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December 21, 2016
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June 9, 2008
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September 26, 1960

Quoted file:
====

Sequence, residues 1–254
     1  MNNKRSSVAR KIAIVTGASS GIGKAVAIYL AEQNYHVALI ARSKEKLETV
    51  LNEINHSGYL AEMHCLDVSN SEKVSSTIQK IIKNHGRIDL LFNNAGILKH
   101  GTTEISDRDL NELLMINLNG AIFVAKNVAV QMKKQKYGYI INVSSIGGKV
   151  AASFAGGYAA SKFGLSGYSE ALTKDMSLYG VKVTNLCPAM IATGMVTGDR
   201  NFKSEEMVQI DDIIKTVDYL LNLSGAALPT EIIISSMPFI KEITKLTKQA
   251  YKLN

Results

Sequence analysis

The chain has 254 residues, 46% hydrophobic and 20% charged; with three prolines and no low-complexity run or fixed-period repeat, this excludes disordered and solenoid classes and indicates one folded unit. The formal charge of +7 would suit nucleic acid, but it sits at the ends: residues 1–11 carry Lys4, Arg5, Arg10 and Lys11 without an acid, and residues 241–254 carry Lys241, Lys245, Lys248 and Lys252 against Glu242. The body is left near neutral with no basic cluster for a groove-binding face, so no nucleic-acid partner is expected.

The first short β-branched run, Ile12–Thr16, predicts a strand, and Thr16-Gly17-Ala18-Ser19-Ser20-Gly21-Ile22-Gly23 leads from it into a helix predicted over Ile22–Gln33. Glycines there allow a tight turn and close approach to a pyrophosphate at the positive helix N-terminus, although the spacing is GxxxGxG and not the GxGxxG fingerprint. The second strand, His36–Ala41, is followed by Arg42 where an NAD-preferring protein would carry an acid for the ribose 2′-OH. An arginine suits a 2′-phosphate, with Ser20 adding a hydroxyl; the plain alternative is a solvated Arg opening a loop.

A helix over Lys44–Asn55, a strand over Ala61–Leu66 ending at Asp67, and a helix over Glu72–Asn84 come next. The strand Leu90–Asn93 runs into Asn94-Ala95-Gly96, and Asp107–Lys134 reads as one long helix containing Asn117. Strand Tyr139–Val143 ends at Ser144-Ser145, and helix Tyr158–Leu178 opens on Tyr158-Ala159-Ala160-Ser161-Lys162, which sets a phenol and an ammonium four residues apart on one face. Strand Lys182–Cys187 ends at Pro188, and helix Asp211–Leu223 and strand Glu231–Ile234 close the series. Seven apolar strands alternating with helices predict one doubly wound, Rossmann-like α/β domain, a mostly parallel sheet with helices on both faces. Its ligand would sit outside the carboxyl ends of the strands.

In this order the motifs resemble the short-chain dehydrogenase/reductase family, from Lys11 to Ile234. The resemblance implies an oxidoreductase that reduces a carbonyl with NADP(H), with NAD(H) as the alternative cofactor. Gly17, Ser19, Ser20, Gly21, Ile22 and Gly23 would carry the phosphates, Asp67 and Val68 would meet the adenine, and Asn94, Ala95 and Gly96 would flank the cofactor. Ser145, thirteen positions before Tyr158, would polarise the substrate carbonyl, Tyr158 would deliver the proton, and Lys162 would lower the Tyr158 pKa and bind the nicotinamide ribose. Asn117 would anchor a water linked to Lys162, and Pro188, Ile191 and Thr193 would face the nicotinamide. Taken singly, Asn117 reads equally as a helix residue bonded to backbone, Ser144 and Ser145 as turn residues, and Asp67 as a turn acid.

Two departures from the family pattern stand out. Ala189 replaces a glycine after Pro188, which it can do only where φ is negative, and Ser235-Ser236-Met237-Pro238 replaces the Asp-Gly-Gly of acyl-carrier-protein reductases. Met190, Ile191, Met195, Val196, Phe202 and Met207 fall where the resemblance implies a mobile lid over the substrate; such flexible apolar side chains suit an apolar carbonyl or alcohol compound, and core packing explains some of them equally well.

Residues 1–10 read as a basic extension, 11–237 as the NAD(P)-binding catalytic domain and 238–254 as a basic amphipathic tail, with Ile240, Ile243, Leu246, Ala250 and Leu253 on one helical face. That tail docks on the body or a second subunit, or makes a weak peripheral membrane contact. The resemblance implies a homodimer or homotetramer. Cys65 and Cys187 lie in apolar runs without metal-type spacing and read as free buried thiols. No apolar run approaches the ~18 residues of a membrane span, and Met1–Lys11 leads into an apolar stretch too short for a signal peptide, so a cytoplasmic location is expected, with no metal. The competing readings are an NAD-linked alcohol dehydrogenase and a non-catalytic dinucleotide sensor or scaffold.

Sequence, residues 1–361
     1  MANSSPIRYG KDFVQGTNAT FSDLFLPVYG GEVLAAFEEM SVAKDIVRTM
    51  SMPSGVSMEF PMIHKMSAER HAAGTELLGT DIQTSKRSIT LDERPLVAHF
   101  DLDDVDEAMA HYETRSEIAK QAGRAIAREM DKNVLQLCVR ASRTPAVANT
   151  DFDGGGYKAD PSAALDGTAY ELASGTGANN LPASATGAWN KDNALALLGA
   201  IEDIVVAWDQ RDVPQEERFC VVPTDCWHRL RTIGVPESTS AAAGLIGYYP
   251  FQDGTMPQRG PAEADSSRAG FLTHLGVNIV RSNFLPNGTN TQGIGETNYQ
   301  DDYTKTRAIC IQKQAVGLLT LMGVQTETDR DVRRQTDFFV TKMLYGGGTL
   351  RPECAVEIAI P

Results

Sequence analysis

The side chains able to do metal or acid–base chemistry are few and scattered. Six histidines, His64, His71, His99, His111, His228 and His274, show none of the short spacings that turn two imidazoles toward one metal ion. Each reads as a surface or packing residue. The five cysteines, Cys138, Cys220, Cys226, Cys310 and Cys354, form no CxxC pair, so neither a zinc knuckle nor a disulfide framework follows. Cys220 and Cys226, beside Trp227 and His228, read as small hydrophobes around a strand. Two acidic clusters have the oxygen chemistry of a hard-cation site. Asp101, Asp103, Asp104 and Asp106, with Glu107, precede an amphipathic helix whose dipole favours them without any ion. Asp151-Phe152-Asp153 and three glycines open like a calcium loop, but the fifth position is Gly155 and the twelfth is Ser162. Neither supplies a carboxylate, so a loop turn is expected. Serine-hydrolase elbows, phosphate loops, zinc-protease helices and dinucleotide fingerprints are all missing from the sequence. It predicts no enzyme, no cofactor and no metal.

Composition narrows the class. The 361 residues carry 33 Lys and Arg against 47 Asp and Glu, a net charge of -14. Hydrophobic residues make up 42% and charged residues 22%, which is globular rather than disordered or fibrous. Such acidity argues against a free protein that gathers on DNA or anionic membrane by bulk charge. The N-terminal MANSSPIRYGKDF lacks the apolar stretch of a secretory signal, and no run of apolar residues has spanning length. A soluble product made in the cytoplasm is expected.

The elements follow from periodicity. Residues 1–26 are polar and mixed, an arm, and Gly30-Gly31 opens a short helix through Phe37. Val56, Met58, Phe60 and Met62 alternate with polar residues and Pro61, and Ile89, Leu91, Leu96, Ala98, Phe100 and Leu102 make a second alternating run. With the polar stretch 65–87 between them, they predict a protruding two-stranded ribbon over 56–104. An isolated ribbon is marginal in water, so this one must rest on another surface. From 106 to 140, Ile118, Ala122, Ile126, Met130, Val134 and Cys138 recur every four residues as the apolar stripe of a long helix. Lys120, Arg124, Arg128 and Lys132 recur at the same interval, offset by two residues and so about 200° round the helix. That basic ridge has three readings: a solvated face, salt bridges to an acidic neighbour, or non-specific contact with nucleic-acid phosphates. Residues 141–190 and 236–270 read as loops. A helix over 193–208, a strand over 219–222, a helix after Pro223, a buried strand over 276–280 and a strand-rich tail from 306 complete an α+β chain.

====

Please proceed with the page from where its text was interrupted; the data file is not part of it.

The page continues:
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Approved For Release 2008/06/09: CIA-RDP80B01676R000900020039-1 FOR RELEASE AT 10:00 A. M. EDT, SEPTEMBER K, 1960 James C. Hagerty, Press Secretary to the President TW-S ACTUALLY DEL------IVERE----D) ------ ------------------- (A TREA has not reviewed. Processed IAW CIA TREA arrangement letter dtd 4/11/08. THE WHITE HOUSE TEXT OF THE REMARKS BY THE PRESIDENT AT THE 73RD ANNUAL MEETING OF TIE AMERICAN INSTITUTE OF CERTIFIED PUBLIC ACCOUNTANTS, AT THE ACADEMY OF MUSIC, PHILADELPHIA, PENNSYLVANIA President Seidman, Members of the American Institute of Certified Public Accountants, and Friends: I am particularly delighted to be with you this morning. I have never had the privilege before of talking to a big group of Accountants all in one spot. I run into them in my daily life, but not in such numbers. One of the more statistically-minded people in the government told me not long ago that I had appointed more Certified Public Accountants to government positions than any prior President. I certainly did not do this just because they are Accountants. I have been for all these eight years searching for talent -- people of dedication, of training, of education, o:: capability -- people who have a sense of civic responsibility. So, since I have appointed so many of this type of person who have been Public Accountants, I suppose it's a fair conclusion that your profession averages very high up among those that are so dedicated and so capable. The Director of the Budget -- Mr. Stans -- is a Public Accountant. I have heard that he rather divides government officials into two classes -- those who are Certified Public Accountants, and those who are not quite so able. I make allowances, of course, for his somewhat prejudiced viewpoint. Nevertheless I do agree that the excellent performance of the some two thousand of Accountants who are now in the Federal government is one of satisfaction to me, and I am sure to yourselves. I shall not try to talk about your profession. Certainly you know more about it than I do. I assume that one of your great functions in American industry and in American business life is to make certain that corporations, companies and others that are conducting businesses do not go bankrupt because of reckless financial and business practices. If they show tendencies this way, you are there to point out where the error is and what they must do if they are going to keep in the black. My friends, the biggest business in the world is the United State.3 Government. It employs directly five million people, and it spends eaca year, eighty billion dollars of your money. I cannot conceive of a greater need anywhere for Certified Accountants than in the Federal government. I want to talk to you a little while this morning about government rather than about your profession, and indeed, even your functions within the government. Since this big government business of ours is owned by all our people, affects all our people, and depends upon all our people, then indeed this is something that must be the concern of every serious thinking person. I want to make an obsdrvation -- a sort of truism from my old military life. There was an old adage that went something like this: In war you can do nothing positive except as you do it from a firm base. N y n~ ET >, ~. (Ex Approved For Release 2008/06/09: CIA-RDP80B01676R000900020039-1 Approved For Release 2008/06/09: CIA-RDP80B01676R000900020039-1 This means that unless a commander has an area in the rear from which he can draw his replacements for casualties, his new ammunition supplies and food -- all the things that an army needs in a campaign -- then in the long run he cannot win. Most of you know that Hannibal, a great general of early times, campaigned successfully up and down Italy for some dozen years trying to win a war, but finally lost it because he had no firm base. Ladies and Gentlemen, the firm base for the problem of leading the world toward the achievement of human aspirations -- toward peace with justice in freedom -- must be the United States. America's moral, spiritual, and intellectual strength is vitally important, but I do not intend to discuss these strengths this morning. What I want to discuss today is the need, within the United States, for a strong, expanding and growing economy'. Going back to a comparison with business, I said that if a business is reckless in its spending, if it doesn't know what its accounts are, it is going to find itself at the end of the year in a very bad spot -- if not bankrupt, at least in need of reform. I pointed out that the government -- the government of the United States, the biggest business of all -- is rot exempt from the practice of these basic principles of financial integrity, of knowledge of what we are doing and where we are going, of efficiency :And effectiveness in its operations. The biggest thing, then,about budgeting is to try to pay-as-you-go, If a business or the government does not pay for its current costs out of current revenues when the business and the government seem to be in prosperous times, then when is it ever going to pay its bills? If it doesn't pay its bills -- if it depends upon deficit spending, upon piling up the debt which our grandchildren, if anybody, will have to pay -- then I submit that the Federal government is in a very tough position. Deficit spending is not only robbing our children of their rightful heritage, but it brings with it the evils of recklessness in government, of rising costs, indeed, it is one of the great factors in bringing about the evil of inflation. So if I should be able to give you one conviction this morning, it would be this: The government of the United States, in view of the lon , term nature of the program facing it, must look carefully to its financial processes and its fiscal operations, so that rather than ruining its economy by inflationary practices, it will make up its mind that every new program must have the revenues in sight that are going to support it. All this means efficient government because no government car_ afford to ignore the priority needs of its people. Each need of the people, whether it be in health or in education, or in insurance or anything else, must be carefully weighed in order that we do not go overboard in expenditures without knowing where we are going. On the other hand, we must not ignore any need. This extends, of course, to the needs of our security. By security I mean not only our own military defenses and mechanisms, but the help we give those people who with us want to live in freedom, who are dedicating themselves to the ideals in which we believe, and whose combined strength will make our position in the world better, stronger and higher. So, knowing that all of these functions are not only necessary b.=t essential to our existence, it is more and more a duty of those who believe in efficient government to lay out before the American people -- all 18 ) million of them -- the day-by-day record of the government's operations, so that everyone may know whether or not these things are being done as the mass of our people want them done. This brings me to the last point I should like to make. We must remind ourselves all the time that in our open society only the force of a public opinion provides the motivation for all that government does. Approved For Release 2008/06/09: CIA-RDP80B01676R000900020039-1 Approved For Release 2008/06/09: CIA-RDP80BO1676R000900020039-1 Senators and Congressmen and Presidents are sensitive to the force of public opinion. If that public opinion is well informed of the facts of our present existence, of the aspirations and hopes we hold out for ourselves and for those things that make for effectiveness and efficiency, then indeed we will have representative government -- self-government at its best. With such principles as these in our minds, we look forward not backward. It is not that we merely look at "pie in the sky". As somecze said, "we keep our heads in the clouds but our feet on the earth, " and that probably is still a good adage. What I mean is this : In looking at any bright prospect -- any glittering promise held up before our eyes -- we must see those things through basic principles of responsibility, of effectiveness and of efficiency, if we are going to put them in their right focus. Before we adopt them, we must measure them against those principles. This we must never forget. I believe that people who have been trained and educated like yourselves, people who have spent their time in thinking as you people have done, have a great responsibility for informing and organizing this public opinion of which I speak, which is the force that will always keep us going. You must talk to all people in terms of principles, of soundness, of progress, of responsibility. If we all do this, we will have a great country. There is no reason why it cannot be done. In such a problem and in such a function -- such a duty -- I can think of no greater body than this one because I am told that there are seventy thousand of you in the United States. I want to point out this one feature of this job. If you will do your part, you have undertaken a lifetime enlistment. There is no short terra. No election -- no single administration -- can mark the end of the efforts of such a body. Rather, this must be a dedication of yourselves and yot r successors and those you train and those that may come after you, righi on down to the end of time. You and your successors must teach and believe these principles so that the United States will be ever a stronger influence in the world -- commanding the respect of others, winning their adherence to her lofty ideals and principles -- and finally, leading all the world to that great day when we can believe that we have achieved peace with justice in freedom. Thank you very much. Approved For Release 2008/06/09: CIA-RDP80BO1676R000900020039-1 Approved For Release 2008/06/09: CIA-RDP80B01676R000900020039-1 FOR BACKGROUND US:^ ONLY NOT FOR PUBLICATION Notes of Secretary Anderson's Remarks at Cabinet, October 7, 1960 I. The New Economic Environment A. For first time in 20 years (except for three mild and short-lived recessions) we are reasonably free from strong inflationar,, pressures and psychology. This has resulted primarily from: 1. The impressive shift from a $12. 4 billion budget deficia in fiscal 1959 to a $1. 1 billion surplus in fiscal 1960. In fact, the shift in the interest rate picture began not in April or May or June, but immediately following the President's initial statement describing what we planned for FY 1960. 2. The achievement of adequate productive capacity in basic industries, both here and abroad, for first time in 20 years. II. Implications for Current Economic Situation A. With businessmen confident that they can get goods on almost a moment's notice, and with no fear of future shortages or pr